WestConn to host STEM summer camp
Camp to offer science- and technology-based activities

DANBURY, CONN. — STEM summer camp isn’t your everyday camp. Instead of swimming lessons and marshmallow roasts, a group of Danbury middle school students will learn about science, technology, engineering and math while participating in exciting, hands-on projects.

The STEM (Science, Technology, Engineering and Math) summer camp, which runs for two weeks in July, is funded by a three-year grant from the National Oceanic and Atmospheric Administration (NOAA) and is a collaboration between Dr. Theodora Pinou, WCSU assistant professor of biological and environmental sciences; Ann Mead, administrator for the Danbury schools extended learning program; and Harry Rosvally, STEM curriculum administrator for the schools.

The program is for seventh-grade students in Danbury and will meet from 9 a.m. to 4 p.m. on the university’s Midtown campus with the majority of activities taking place in the Science Building. More than 50 students applied for the 20 available spots; students were selected through a lottery. The program required the students to be disadvantaged minorities needing encouragement in math and reading.

“The whole idea is that they get an understanding of technology,” said Pinou. Part of this technological education will include an overnight visit to Wallops Island, Va., the home of NOAA’s satellite receiving center. They also will visit the Connecticut Science Center in Hartford and the New Haven television station WTNH to learn about weather reporting with Gary Lessor, assistant director of the WCSU Weather Center.

The students also will learn about sea turtle conservation. “They are going to adopt one of their own sea turtles from the Long Island Sound,” Pinou said. “The turtle will be from Atlantis Marine World in Riverhead, Long Island. The students will attach a transmitter to the turtle, tag it and release it into the water. They will then be able to follow it for a year using Internet capabilities from their own computers. They learn about how it feeds, where it goes and see if it will avoid the Gulf.”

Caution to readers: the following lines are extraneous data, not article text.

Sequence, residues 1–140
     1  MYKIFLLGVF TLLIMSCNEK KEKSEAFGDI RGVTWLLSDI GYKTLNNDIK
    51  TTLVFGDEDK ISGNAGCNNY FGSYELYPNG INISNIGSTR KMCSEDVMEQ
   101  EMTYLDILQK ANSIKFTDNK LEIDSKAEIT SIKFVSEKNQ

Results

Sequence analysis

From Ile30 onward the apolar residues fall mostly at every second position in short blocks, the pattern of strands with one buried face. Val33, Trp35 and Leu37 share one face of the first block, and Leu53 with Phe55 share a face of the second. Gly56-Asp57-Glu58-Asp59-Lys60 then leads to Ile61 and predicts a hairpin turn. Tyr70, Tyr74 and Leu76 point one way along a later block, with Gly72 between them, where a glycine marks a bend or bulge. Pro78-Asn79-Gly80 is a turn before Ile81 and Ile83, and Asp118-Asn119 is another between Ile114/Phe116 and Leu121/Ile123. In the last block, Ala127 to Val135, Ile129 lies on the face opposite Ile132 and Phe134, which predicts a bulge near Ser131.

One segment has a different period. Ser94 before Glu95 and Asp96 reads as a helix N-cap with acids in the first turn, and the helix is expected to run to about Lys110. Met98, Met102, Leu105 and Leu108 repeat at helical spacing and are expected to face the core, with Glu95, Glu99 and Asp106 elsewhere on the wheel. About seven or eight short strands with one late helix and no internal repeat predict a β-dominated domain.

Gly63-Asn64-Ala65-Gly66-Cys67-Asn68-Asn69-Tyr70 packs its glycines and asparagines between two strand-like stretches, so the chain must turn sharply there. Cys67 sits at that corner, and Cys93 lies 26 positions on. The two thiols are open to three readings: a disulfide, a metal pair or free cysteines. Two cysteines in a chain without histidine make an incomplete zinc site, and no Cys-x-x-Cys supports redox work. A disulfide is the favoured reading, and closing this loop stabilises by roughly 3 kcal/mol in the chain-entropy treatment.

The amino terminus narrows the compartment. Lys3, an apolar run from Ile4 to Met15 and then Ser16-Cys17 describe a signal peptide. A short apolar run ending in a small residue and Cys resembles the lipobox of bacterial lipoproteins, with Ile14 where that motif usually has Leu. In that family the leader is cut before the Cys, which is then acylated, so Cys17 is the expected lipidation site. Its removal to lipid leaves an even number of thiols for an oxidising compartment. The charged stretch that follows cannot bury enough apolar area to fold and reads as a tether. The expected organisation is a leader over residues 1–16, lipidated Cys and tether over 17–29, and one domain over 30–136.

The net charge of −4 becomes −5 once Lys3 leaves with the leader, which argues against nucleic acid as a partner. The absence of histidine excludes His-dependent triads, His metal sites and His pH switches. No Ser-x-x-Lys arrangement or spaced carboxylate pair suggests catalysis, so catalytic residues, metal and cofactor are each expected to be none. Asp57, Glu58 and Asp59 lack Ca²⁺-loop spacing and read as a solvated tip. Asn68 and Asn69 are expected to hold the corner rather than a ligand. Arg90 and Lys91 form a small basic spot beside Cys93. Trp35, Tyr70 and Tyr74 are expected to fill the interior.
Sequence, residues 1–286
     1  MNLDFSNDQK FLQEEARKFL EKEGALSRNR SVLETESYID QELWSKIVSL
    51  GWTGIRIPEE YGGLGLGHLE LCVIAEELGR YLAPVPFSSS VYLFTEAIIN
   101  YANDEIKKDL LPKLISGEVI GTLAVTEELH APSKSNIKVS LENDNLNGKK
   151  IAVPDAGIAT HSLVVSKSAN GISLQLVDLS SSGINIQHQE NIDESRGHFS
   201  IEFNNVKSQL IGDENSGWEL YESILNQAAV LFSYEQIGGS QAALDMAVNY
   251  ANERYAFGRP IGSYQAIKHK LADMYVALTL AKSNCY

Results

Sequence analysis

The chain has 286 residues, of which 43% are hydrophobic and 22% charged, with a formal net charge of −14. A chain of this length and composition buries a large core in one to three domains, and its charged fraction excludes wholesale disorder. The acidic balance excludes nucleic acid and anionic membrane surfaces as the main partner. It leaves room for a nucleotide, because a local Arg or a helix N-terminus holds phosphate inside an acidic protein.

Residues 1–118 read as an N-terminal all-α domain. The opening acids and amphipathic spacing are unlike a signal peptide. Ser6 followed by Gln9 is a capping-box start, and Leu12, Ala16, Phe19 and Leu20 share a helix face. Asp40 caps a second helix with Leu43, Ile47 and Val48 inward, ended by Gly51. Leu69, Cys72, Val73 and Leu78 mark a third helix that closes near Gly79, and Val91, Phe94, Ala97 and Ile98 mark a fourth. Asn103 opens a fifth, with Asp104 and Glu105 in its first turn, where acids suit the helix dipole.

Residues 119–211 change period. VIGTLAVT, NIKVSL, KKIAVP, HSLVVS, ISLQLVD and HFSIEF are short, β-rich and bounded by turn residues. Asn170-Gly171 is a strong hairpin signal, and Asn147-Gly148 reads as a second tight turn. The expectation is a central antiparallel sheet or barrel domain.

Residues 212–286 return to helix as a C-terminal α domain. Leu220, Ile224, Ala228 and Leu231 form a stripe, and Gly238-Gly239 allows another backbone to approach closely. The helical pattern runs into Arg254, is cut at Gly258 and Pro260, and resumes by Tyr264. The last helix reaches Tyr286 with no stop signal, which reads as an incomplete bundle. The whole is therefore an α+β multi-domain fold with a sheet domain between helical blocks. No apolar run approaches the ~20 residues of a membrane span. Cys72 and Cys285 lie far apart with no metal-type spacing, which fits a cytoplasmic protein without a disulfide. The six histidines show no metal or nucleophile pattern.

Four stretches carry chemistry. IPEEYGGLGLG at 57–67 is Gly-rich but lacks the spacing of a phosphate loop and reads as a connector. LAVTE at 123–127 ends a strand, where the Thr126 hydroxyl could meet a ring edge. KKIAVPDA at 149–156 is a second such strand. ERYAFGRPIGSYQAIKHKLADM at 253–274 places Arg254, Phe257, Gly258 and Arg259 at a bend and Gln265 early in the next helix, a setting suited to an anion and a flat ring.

Students will also learn about astronomy from Dr. Dennis Dawson, WCSU astronomy professor. This session will culminate with a “Dinner under the Stars” the evening of Friday, July 16. Students will enjoy dinner with their families at the Westside campus and make presentations on what they learned on astronomy day.

The students will have a final presentation event on Tuesday, Aug. 3, in Warner Hall on the Midtown campus where students will show their families what they learned during their two-week camp experience.

“Understanding math, science and technology can help solve real global problems,” Pinou said, such as recycling metals, dealing with issues like the Gulf oil spill and ensuring that remote areas of the world have fresh water. “Learning about science helps them make connections between the quality of their lives and technology. It makes them interested in careers in engineering, technology, math and science.”

For more information, contact the Office of University Relations at (203) 837-8486.


Western Connecticut State University offers outstanding faculty in a range of quality academic programs. Our diverse university community provides students an enriching and supportive environment that takes advantage of the unique cultural offerings of Western Connecticut and New York. Our vision: To be an affordable public university with the characteristics of New England’s best small private universities.


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